Manufacturing Simulation Takes Tolerance Analysis to the Next Level
Tolerance Analysis often refers to just part tolerance stacks, leaving out a large piece of the big picture
Common tolerance analysis determines the combined variation from a series of interconnected parts in a one-dimensional or two-dimensional stack, such as below. Done commonly in Excel, these analyses are excellent for quick answers and simple assemblies. They do fall short quickly when you need to consider larger number of components, parts in three-dimensional configurations, and of course, starting over every time there is a design change or different output needed. The example below also depicts some complications with even a basic one dimensional stack.
So What? What Does This Have to Do With Manufacturing Simulation?
Manufacturing Simulation is the consideration of the assembly process and manufacturing processes used on the parts and assembly.
This is important, as the assembly sequence can add variation, the use or lack of use of fixtures and tooling can alter tolerances and add or reduce variation, and of course, manufacturing processes of fixing components together can change their position, deform them, and cause other variation.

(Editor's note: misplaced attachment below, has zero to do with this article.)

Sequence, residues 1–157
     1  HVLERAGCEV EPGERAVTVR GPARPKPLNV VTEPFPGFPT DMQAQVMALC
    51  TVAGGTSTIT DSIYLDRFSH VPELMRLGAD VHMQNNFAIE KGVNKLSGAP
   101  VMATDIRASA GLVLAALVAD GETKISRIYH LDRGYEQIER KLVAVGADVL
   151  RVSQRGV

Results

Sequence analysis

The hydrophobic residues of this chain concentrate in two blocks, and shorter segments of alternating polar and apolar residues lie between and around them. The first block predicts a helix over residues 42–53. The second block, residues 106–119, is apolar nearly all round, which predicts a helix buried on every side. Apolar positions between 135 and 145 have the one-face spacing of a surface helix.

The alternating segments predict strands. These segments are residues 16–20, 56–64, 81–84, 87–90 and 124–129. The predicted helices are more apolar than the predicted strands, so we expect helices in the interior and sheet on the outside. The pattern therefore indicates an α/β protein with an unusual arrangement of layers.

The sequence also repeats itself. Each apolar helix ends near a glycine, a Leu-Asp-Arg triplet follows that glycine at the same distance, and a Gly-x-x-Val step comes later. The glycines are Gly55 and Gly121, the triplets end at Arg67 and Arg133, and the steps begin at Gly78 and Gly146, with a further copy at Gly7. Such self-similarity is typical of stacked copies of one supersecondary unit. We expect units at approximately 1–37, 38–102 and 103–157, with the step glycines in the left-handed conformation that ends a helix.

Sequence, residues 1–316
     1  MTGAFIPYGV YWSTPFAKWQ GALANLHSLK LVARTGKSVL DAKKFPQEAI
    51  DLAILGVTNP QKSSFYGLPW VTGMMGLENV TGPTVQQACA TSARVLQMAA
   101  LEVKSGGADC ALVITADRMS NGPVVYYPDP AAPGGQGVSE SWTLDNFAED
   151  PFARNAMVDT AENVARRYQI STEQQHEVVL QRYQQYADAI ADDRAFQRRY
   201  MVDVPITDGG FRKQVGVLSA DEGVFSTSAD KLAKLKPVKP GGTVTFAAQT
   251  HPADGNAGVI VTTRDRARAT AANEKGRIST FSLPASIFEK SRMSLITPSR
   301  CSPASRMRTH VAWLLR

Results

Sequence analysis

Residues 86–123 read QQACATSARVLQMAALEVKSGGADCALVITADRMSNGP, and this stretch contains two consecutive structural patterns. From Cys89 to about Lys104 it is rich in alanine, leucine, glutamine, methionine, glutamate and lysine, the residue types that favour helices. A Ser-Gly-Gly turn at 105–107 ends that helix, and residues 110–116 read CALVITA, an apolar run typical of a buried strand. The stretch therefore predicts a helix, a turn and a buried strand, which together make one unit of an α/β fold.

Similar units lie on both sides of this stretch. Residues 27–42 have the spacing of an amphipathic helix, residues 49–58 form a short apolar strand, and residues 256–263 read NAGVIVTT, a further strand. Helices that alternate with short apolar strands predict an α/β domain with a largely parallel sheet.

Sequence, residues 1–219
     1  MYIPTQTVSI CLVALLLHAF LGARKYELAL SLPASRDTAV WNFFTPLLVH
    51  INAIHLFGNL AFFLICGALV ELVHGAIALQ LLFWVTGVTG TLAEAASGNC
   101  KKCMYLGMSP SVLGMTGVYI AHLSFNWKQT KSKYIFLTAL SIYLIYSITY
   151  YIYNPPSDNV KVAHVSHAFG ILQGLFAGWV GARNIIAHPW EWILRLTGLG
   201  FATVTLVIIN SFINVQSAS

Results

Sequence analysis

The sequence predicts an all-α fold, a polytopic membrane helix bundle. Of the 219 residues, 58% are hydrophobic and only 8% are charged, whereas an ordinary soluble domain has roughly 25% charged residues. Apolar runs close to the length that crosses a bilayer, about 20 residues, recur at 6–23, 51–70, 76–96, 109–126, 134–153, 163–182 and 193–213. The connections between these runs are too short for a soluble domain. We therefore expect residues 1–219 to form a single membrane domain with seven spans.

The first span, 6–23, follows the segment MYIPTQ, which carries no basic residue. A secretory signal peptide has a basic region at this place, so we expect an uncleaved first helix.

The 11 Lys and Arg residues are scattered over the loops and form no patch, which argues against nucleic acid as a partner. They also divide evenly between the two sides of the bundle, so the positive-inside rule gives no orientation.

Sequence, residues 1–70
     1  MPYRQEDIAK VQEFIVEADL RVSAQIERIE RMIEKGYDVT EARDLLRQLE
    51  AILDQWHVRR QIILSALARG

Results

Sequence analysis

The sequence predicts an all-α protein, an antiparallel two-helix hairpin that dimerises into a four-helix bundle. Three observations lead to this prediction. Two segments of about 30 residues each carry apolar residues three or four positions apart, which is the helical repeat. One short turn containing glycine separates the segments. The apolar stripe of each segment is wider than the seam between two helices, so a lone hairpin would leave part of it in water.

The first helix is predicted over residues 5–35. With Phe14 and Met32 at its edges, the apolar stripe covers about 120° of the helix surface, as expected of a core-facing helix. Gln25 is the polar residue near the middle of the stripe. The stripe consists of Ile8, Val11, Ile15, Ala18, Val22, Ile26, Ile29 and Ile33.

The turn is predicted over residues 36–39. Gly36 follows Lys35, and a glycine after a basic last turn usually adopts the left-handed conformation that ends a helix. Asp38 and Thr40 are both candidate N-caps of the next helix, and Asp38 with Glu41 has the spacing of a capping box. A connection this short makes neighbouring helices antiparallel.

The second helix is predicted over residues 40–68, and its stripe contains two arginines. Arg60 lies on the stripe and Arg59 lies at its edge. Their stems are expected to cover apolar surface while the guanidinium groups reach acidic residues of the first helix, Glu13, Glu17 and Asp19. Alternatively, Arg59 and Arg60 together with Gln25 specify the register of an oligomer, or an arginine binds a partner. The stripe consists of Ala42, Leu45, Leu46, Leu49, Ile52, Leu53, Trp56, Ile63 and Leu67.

Here's an example. You rivet the skin of this aircraft wing down to the ribs and stringers. As you rivet the skin, it begins to stretch. Does the aircraft skin have less variation if you start at both ends and rivet it towards the center, or do you start on one side and rivet to the other? If so, which side would be best to start on? These manufacturing processes and sequences can cause a lot of variation in the final product, and are routinely left out of stack studies.
Conditional Logic Accounts for Possible Situations
Tolerance stack ups often consider only the final assembly position. This snap shot of the final parts does not include conditional elements that can occur during assembly or operation. These if/then conditions can occur some of the time, but not necessarily 100% of the time during assembly. This puts an inherent risk of failure into the assembly, which occurs only under certain conditions. Understanding the risk of these conditions can be important in predicting issues at the plant and resolving them early.
Multi-Stage Modeling in an Integrated Solution
Additional variation from manufacturing processes can take the form of multiple assembly stages. Do the components get placed in fixtures for welds before attachment in the final assembly? Does it require a best fit scenario? !D stacks and vector loop analysis do not take these additional factors into consideration and can therefore give an incomplete answer.
Being able to simulate your build through different stages allows for the inclusion of both additional variation from previous steps as well as reduction in variation from the use of tooling and fixtures. Modeling these steps can accurately predict the variation from your production line, rather than just the stacked parts in your final assembly. Interested in seeing this kind of analysis first hand?
See 3DCS for SOLIDWORKS -- On-Demand